With all of these representations, an obvious question is whether x or y or vice are exogenous. In this usage we interpret the word 'expgenous' in the sense of a variable being determined outside the system. There are several different notions of exogeneity. In order to understand them all we'll first have to consider the general vector ARMA model, then look at our specific two variable case. .. 4

The nx1 dimensional random vector y has been partitioned into y1:n1x1 and y2:n2x1. The error vector has been partitioned conformably. y1 is strictly exogenous with respect to y2 when it is not affected either directly or indirectly by lagged values of y2. If c12(L)=0, then lagged values of y2 do not affect y1. If d12(L)=0 and d21(L)=0 then lagged values of y2 do not enter the y1 equation. These three restriction matrices are necessary and sufficient. Let's impose the restrictions and multiply through by the inverse of the MA coefficient matrix to get the VAR representation: This gives us the necessary and sufficient condition for the exogeneity of y1 with respect to y2. In the VAR representation, y1 is exogenous with respect to y2 if and only if the coefficients on y2 are all zero.

Now impose the exogeneity restrictions and multiply the ARMA in ..4 by the inverse of the AR coefficient matrix to get the MA representation of the system. Hence, in the MA representation of the system, y1 is exogenous with respect to y2 if and only if the coefficients on are all zero.

Sometimes you will see reference to the notion of weak exogeneity. The idea is similar to that of sufficient statistics. A statistic is sufficient if the likelihood function can be factored into a part that depends on the statistic and the unknown parameter and a part that depends only on the data. The weak exogeneity of y1 with respect y2 requires knowledge of the joint likelihood function for y1 and y2, say . If this can be factored into the product of two likelihood functions such that can take any values in its parameter space given a specific admissable value for .

There is also the notion of a variable being predetermined. The variable y2 is said to be predetermined if it is unaffected by present and future values of but is affected by past values of .

To cement these notions we again consider a simple model .. 5 .. 6

The disturbances ut and vt are independent and serially uncorrelated. Since xt is correlated with the error term in eqn 5, and similarly for yt in eqn 6, we need to solve for the reduced forms.  Note that these reduced forms are actually two AR(1)'s that are related through their error terms and are a special case of the alternative representations that we considered earlier. If then the reduced form for xt becomes . xt is now no longer contemporaneously correlated with the error ut, although it will be affected by past values of u through yt-1. We say that xt is predetermined.

Suppose that and so that xt = vt. Now xt is independent of past, present and future values of ut, and it is said to be strictly exogenous.

Suppose that all we really needed was a consistent and asymptotically efficient of in equation 5. If in equation 6 then xt and ut are contemporaneously uncorrelated so an OLS estimate of will be consistent and asymptotically efficient. In this case xt is said to be weakly exogenous for . If u and v had a joint normal distribution you could prove this using the factorization suggested above.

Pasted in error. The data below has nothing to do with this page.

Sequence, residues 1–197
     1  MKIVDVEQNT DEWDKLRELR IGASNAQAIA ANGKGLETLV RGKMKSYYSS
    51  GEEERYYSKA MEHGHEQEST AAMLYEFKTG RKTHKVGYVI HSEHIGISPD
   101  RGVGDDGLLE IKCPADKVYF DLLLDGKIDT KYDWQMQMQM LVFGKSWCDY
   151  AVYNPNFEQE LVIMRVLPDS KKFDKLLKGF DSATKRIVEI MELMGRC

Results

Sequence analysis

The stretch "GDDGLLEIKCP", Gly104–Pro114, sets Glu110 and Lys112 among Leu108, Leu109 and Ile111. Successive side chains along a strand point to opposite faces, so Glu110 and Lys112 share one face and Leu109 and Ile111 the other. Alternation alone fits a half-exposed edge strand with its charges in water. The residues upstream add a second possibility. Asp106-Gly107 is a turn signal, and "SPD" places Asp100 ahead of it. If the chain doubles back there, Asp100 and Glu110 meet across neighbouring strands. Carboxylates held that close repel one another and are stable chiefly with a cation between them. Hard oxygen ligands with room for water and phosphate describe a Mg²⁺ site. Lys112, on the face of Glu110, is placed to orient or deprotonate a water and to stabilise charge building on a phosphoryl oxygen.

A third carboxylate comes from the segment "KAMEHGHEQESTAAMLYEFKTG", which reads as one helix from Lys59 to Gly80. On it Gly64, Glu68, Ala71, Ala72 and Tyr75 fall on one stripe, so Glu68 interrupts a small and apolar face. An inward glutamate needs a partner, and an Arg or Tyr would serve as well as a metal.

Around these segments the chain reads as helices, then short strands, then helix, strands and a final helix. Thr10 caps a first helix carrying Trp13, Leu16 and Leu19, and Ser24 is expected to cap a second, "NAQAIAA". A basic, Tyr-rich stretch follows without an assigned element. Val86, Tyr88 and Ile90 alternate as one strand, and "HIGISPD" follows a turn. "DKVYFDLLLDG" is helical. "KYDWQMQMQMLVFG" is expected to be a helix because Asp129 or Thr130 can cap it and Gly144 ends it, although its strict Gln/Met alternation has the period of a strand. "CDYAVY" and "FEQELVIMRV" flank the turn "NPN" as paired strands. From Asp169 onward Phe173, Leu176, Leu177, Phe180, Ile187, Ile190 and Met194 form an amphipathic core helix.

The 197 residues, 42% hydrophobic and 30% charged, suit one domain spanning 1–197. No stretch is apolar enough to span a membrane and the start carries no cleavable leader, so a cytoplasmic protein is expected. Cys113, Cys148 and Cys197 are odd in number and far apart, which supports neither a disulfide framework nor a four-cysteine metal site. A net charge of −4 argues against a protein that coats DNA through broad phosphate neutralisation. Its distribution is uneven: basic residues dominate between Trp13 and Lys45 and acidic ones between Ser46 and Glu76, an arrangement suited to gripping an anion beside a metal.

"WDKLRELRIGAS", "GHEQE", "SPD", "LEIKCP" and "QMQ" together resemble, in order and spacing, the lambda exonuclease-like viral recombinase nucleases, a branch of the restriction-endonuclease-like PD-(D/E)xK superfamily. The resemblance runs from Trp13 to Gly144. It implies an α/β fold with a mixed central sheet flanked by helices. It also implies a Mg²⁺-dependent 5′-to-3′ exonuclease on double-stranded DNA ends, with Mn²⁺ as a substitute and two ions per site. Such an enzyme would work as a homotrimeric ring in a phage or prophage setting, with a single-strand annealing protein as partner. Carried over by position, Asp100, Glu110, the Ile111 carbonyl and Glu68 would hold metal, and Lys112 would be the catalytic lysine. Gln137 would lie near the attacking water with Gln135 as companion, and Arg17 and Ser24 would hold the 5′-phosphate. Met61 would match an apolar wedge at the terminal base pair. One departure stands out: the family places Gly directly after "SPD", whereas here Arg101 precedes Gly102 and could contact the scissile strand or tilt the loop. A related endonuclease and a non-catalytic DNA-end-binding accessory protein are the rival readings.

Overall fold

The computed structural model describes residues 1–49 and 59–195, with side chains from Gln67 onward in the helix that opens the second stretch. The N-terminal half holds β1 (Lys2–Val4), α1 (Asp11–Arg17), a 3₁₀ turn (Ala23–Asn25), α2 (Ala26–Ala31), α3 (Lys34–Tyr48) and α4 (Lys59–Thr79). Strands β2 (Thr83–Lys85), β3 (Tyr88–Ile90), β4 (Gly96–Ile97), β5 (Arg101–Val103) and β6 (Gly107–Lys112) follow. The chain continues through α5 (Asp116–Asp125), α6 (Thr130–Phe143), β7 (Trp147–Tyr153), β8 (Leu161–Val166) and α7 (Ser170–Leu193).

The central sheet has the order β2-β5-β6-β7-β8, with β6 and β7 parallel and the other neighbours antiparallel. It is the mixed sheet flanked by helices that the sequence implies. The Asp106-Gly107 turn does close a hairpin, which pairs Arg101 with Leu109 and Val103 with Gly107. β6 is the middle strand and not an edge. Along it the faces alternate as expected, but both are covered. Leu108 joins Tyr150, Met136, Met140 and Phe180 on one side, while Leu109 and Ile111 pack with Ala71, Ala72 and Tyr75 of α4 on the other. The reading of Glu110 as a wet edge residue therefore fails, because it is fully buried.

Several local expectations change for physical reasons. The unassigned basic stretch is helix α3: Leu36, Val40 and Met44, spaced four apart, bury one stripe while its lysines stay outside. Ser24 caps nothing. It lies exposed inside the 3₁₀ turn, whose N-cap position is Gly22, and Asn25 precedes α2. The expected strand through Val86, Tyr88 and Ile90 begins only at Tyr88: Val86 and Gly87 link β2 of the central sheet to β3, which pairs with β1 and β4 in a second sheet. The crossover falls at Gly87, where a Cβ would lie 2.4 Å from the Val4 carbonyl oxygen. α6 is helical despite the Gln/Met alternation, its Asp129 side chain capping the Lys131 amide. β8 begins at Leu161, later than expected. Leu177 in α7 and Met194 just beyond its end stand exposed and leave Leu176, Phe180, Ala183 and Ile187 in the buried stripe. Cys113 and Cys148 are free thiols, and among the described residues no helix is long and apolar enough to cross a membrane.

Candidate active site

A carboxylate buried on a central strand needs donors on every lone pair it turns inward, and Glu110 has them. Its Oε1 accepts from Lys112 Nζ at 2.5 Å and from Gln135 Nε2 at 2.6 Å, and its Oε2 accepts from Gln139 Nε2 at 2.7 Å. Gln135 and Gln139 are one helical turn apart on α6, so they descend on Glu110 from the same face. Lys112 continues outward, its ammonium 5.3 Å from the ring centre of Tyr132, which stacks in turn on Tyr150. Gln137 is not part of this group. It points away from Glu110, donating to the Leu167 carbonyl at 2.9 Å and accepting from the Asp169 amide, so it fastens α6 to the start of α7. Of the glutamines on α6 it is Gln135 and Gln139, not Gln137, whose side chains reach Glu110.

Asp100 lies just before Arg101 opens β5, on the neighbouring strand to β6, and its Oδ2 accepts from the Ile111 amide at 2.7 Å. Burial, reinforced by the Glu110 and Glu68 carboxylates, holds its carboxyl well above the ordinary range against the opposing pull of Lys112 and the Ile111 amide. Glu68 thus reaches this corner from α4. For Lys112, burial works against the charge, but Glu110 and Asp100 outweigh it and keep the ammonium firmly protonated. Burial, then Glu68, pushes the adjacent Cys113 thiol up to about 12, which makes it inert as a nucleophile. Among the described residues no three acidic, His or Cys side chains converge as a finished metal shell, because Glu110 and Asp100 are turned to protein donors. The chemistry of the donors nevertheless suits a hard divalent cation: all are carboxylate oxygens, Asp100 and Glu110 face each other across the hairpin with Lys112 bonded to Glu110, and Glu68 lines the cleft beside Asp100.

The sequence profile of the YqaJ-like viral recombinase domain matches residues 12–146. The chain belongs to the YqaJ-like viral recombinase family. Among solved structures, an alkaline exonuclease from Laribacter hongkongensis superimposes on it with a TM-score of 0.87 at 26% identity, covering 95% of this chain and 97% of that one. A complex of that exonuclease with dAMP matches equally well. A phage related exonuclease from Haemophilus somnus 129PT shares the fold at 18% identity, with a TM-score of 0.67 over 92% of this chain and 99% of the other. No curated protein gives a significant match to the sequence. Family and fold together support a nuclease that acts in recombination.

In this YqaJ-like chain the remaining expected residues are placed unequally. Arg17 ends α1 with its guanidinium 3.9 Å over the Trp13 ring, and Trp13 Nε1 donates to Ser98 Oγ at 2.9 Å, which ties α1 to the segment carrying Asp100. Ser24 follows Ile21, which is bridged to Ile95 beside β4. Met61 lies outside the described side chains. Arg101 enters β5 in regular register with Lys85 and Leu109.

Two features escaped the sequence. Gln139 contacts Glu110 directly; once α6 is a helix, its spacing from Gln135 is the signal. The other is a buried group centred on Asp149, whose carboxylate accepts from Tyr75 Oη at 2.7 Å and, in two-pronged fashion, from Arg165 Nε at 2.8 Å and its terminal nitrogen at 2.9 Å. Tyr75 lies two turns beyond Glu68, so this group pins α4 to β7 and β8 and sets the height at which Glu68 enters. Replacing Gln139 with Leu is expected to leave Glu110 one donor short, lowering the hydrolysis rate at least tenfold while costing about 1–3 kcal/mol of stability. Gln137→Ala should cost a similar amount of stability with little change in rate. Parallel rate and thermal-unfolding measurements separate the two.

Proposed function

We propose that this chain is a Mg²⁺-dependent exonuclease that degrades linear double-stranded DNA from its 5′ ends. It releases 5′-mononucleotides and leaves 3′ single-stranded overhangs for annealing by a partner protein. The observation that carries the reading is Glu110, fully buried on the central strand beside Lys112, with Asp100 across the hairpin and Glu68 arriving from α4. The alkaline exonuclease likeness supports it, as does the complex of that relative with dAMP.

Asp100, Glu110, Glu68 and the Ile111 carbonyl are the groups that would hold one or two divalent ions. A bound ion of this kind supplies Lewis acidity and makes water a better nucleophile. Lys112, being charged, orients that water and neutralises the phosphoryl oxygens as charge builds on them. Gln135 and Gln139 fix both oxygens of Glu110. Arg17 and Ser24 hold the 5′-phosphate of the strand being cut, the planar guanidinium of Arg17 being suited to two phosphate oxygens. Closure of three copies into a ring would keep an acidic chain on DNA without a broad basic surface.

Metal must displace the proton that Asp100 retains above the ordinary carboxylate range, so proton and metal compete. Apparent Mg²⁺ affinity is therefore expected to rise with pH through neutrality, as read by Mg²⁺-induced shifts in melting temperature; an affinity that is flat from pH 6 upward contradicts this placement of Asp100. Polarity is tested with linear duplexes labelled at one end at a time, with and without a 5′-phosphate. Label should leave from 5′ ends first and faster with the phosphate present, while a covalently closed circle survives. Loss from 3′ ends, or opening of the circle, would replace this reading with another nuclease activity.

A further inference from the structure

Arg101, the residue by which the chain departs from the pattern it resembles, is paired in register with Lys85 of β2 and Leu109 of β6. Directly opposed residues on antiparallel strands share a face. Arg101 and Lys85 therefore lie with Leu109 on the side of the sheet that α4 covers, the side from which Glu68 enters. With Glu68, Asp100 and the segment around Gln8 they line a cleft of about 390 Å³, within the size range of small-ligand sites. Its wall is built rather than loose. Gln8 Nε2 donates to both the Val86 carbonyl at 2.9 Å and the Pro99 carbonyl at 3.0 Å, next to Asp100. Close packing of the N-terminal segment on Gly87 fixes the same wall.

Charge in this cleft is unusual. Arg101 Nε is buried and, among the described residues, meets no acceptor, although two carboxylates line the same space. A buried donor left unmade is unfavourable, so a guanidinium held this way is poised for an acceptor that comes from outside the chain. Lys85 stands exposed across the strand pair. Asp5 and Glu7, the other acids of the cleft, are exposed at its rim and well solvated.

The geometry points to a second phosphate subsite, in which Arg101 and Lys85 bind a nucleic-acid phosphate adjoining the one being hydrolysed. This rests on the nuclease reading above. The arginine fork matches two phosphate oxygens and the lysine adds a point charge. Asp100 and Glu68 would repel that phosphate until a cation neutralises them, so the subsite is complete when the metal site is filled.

Suppose we now wish to use our estimate of and equation 5 to forecast yt+1 for a given xt+1 . If , then yt tells us what xt+1 must be and the forecasted yt+1 tells us what xt+2 via equation 6. As a result of this feedback we are not able to pick any value we wish for xt+2 . We cannot use equation 5 in isolation from equation 6 for forecasting purposes. If , then we are able to use equation 5 in isolation for forecasting. In this instance xt is said to be strongly exogenous in equation 5.

Finally, suppose xt in equation 5 is a policy variable. If is invariant to policy changes then xt is said to be super-exogenous.

Causality

To examine the notion of Wiener - Granger causality in a two variable system we introduce two summary tables. The first lays out the notation and models, the second presents the results. Each pair of rows is a model. Hence there are four models.

 Table 1 The Models        Var(ujt)=Tj Var(wjt)=Gj Cov(u2t, w2t)=C The third model, the 5th and 6th rows are found by pre-multiplying the second model, the 3rd and 4th rows, by .

 Table 2 Wiener Granger Causality (1) z causes x if and only if for all s or G1 > G2 and T3 > T4 (2) x causes z if and only if for all s or T1 > T2 and G3 > G4 (3) z does not cause x if and only if for all s or G1 = G2 and T3 = T4 (4) x does not cause z if and only if for all s or T1 = T2 and G3 = G4 (5) There is instantaneous causality between x and z if and only if for all s or T2 > T3 and G2 > G3

Exogeneity and causality are not the same thing. Tests for the absence of a causal ordering can be used to refute strict exogeneity in a given specification, but such tests cannot be used to eatablish it. Furthermore, unidirectional causality is neither necessary nor sufficient for inference to proceed on a subset of variables, all we require is that the variables be weakly exogenous.